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Jennings displays art highlighting mental health

Jared Jennings, adjunct lecturer of art, stands next to one of his newest art pieces on display in Porter Hall. Jenning’s exhibit consists of pieces relating to mental health. Dominic Santiago

Jared Jennings, an adjunct instructor in the department of art is displaying an art exhibit with the theme of mental health. 

Jennings holds a master’s in fine art (MFA) with an emphasis in drawing. He received his degree at Fort Hays State University in the spring of 2021.

Jared created his master’s thesis over the topic of mental illness and was able to use some of his own experience and the experiences of others in his creation. 

“So, over the course of my thesis, the theme was mental illness.” Jennings said. “Either to do with my own experience or with other individuals with mental illness that I worked closely with. So, every piece in here is a reflection of that in some manner. Either it is an experience or just something that led to mental illness or the experience living with mental illness in some capacity.”

His art pieces reflect different areas of mental illness and cover topics that many people’s experience. 

“There are certain ones where it’s a specific illness that’s mentioned.” Jennings said. “So, there’s one that talks about dementia and obviously I don’t deal with dementia, but I know individuals who dealt with dementia, and so there’s an interpretation from the outside looking in. You watch someone deteriorate slowly. 

Suicide was one of the main topics of Jennings’ work.

“There’s a lot of people that deal with mental illness that end up having suicidal thoughts, so there are things that deal with that.” Jennings said. “And in some of the pieces, it talks about depression anxiety. I try to keep it open to interpretation, but I mean when I’m working on a certain piece, there are certain ideas that go into that piece. Whether that’s conveyed in the work is another story.”

Jennings wanted to emphasize the importance of the objects the art is placed onto. Each piece is unique because of how it was chosen.

“The way I go about my work so everything is on a found object, so I went out and collected it,” Jennings said. “So, for whatever reason I see something beautiful in this cast. This object was casted away. For me, the literal act of just picking up and then creating something finite, that’s my way of saying that even though you’re damaged, you’re still beautiful. There’s still beauty in you.”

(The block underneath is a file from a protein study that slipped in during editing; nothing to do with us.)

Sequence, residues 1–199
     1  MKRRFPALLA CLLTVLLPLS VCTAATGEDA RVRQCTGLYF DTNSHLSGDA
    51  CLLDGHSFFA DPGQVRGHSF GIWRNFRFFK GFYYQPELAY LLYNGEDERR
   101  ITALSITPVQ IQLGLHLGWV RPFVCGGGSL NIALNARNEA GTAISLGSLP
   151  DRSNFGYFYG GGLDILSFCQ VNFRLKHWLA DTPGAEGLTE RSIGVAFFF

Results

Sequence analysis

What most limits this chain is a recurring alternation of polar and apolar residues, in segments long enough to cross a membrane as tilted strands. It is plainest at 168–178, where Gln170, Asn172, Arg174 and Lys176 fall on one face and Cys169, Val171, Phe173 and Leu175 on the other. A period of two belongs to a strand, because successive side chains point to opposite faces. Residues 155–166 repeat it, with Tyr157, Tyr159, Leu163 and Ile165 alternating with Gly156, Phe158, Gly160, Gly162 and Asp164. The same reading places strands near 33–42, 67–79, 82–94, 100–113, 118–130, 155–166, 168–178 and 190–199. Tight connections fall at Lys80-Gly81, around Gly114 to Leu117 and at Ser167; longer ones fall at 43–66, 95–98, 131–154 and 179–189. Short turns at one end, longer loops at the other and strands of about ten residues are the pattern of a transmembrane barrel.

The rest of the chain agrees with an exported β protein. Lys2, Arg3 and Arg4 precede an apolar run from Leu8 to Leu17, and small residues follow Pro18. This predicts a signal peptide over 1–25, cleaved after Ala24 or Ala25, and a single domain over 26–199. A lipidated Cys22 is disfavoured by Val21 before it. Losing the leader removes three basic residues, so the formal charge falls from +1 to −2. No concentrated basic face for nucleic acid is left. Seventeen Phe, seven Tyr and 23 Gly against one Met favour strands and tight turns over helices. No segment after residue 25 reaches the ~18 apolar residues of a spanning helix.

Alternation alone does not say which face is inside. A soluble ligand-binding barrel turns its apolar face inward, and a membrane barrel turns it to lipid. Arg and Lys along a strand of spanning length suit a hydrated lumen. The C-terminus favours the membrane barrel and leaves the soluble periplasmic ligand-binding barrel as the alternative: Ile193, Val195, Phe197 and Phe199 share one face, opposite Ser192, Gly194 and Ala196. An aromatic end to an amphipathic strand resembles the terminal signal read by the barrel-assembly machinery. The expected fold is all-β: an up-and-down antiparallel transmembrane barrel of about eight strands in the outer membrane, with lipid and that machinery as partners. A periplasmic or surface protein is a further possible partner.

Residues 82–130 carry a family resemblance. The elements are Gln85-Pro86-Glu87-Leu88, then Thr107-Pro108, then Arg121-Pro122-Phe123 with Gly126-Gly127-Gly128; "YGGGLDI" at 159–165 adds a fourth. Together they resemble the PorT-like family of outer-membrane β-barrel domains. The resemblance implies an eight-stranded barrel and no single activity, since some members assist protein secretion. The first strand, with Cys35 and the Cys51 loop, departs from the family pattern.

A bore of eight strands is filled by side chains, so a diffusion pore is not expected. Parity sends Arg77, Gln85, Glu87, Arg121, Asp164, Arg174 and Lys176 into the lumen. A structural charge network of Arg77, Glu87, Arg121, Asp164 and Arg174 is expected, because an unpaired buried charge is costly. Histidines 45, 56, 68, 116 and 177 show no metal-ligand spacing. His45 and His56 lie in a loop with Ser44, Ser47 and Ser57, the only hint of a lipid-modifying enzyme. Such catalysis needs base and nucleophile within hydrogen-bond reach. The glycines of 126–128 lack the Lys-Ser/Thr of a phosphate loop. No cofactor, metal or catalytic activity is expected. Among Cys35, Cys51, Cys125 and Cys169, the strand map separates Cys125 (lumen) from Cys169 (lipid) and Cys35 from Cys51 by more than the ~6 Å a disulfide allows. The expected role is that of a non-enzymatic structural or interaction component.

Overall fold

He wants viewers of the exhibit to consider the ways that mental health can affect their lives. And if anyone struggles with mental illness, he hopes to reach out to them too.

“At the bare bones I would like individuals to take that away that it doesn’t matter what experiences you’ve gone through that you have worth; you have a life to live,” he said. “I guess besides that just that before anything else, you’re a human being and your life experiences just add onto that.”

While in his mind the theme of all the pieces is mental illness, he welcomes and encourages everyone to look at the pieces through their own lens and interpret them in their own way.

“I like to leave my stuff open for interpretation,” Jennings said. “I make work about mental illness, but I really appreciate when someone is captivated to like stand in front of something and they actually create their own narrative. If they get the mental illness narrative out of that. That’s great. That’s awesome. But when people are captivated and create their own narratives. It means they are more personally involved with the artwork.”

During his time at Fort Hays State University, Jennings participated in a social practice project in the community. He hopes to continue that style of outreach while at Pittsburg State University.

“Back in Hays, I did a social practice project,” Jennings said. “Our project and social practice art was working with a community and usually there’s an underlying theme. I worked with individuals with mental illness. So, we made art together. I just want to continue that in some capacity here.”

Jennings’ art exhibit will be on display inside Porter Hall until Oct. 15.

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